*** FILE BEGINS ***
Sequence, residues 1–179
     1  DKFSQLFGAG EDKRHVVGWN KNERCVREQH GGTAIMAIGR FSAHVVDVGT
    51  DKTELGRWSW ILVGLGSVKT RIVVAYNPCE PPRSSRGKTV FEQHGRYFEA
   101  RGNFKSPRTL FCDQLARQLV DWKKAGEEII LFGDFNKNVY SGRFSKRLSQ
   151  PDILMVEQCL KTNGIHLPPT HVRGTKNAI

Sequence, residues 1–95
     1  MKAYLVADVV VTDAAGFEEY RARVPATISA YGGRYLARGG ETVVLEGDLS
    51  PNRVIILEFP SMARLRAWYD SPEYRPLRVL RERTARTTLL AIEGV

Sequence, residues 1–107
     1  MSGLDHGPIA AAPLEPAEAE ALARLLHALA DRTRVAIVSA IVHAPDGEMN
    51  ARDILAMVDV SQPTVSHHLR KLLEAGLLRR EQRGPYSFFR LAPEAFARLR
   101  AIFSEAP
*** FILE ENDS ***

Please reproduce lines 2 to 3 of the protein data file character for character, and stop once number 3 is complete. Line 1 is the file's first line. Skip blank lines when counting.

     1  DKFSQLFGAG EDKRHVVGWN KNERCVREQH GGTAIMAIGR FSAHVVDVGT
    51  DKTELGRWSW ILVGLGSVKT RIVVAYNPCE PPRSSRGKTV FEQHGRYFEA